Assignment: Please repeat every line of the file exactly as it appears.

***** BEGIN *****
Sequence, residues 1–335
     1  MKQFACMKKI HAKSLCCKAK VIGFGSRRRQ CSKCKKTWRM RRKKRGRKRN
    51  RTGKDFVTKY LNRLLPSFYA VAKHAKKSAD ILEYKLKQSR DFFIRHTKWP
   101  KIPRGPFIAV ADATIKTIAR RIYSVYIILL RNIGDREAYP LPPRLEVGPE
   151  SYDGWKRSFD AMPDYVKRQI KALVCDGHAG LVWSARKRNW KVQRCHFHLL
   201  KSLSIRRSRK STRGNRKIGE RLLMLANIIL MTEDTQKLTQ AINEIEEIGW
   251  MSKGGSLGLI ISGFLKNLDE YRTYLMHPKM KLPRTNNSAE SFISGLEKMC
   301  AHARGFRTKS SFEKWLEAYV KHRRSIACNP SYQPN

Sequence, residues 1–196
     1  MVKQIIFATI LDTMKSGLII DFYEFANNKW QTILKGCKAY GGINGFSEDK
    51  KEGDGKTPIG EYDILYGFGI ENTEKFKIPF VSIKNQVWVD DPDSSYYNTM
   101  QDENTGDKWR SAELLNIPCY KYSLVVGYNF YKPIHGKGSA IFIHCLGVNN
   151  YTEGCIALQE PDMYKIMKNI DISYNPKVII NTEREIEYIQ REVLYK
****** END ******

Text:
Sequence, residues 1–335
     1  MKQFACMKKI HAKSLCCKAK VIGFGSRRRQ CSKCKKTWRM RRKKRGRKRN
    51  RTGKDFVTKY LNRLLPSFYA VAKHAKKSAD ILEYKLKQSR DFFIRHTKWP
   101  KIPRGPFIAV ADATIKTIAR RIYSVYIILL RNIGDREAYP LPPRLEVGPE
   151  SYDGWKRSFD AMPDYVKRQI KALVCDGHAG LVWSARKRNW KVQRCHFHLL
   201  KSLSIRRSRK STRGNRKIGE RLLMLANIIL MTEDTQKLTQ AINEIEEIGW
   251  MSKGGSLGLI ISGFLKNLDE YRTYLMHPKM KLPRTNNSAE SFISGLEKMC
   301  AHARGFRTKS SFEKWLEAYV KHRRSIACNP SYQPN

Sequence, residues 1–196
     1  MVKQIIFATI LDTMKSGLII DFYEFANNKW QTILKGCKAY GGINGFSEDK
    51  KEGDGKTPIG EYDILYGFGI ENTEKFKIPF VSIKNQVWVD DPDSSYYNTM
   101  QDENTGDKWR SAELLNIPCY KYSLVVGYNF YKPIHGKGSA IFIHCLGVNN
   151  YTEGCIALQE PDMYKIMKNI DISYNPKVII NTEREIEYIQ REVLYK